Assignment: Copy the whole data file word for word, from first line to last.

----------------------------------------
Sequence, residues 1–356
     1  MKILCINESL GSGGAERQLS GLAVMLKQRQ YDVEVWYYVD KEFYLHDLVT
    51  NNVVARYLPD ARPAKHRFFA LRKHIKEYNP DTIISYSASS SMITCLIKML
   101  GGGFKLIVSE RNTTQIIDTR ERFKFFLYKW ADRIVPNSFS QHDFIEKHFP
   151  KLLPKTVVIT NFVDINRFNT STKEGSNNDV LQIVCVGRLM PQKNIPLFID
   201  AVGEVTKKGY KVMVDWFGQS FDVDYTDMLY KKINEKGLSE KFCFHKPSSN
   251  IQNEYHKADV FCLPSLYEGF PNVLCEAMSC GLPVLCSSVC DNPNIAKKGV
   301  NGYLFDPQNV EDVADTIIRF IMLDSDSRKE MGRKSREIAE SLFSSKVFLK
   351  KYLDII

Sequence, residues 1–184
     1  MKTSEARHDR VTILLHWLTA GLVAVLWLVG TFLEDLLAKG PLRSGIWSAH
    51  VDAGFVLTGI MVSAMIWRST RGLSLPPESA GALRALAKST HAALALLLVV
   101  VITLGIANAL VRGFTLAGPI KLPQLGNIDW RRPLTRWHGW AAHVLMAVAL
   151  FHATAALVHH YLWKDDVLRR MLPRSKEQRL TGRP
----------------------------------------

Sequence, residues 1–356
     1  MKILCINESL GSGGAERQLS GLAVMLKQRQ YDVEVWYYVD KEFYLHDLVT
    51  NNVVARYLPD ARPAKHRFFA LRKHIKEYNP DTIISYSASS SMITCLIKML
   101  GGGFKLIVSE RNTTQIIDTR ERFKFFLYKW ADRIVPNSFS QHDFIEKHFP
   151  KLLPKTVVIT NFVDINRFNT STKEGSNNDV LQIVCVGRLM PQKNIPLFID
   201  AVGEVTKKGY KVMVDWFGQS FDVDYTDMLY KKINEKGLSE KFCFHKPSSN
   251  IQNEYHKADV FCLPSLYEGF PNVLCEAMSC GLPVLCSSVC DNPNIAKKGV
   301  NGYLFDPQNV EDVADTIIRF IMLDSDSRKE MGRKSREIAE SLFSSKVFLK
   351  KYLDII

Sequence, residues 1–184
     1  MKTSEARHDR VTILLHWLTA GLVAVLWLVG TFLEDLLAKG PLRSGIWSAH
    51  VDAGFVLTGI MVSAMIWRST RGLSLPPESA GALRALAKST HAALALLLVV
   101  VITLGIANAL VRGFTLAGPI KLPQLGNIDW RRPLTRWHGW AAHVLMAVAL
   151  FHATAALVHH YLWKDDVLRR MLPRSKEQRL TGRP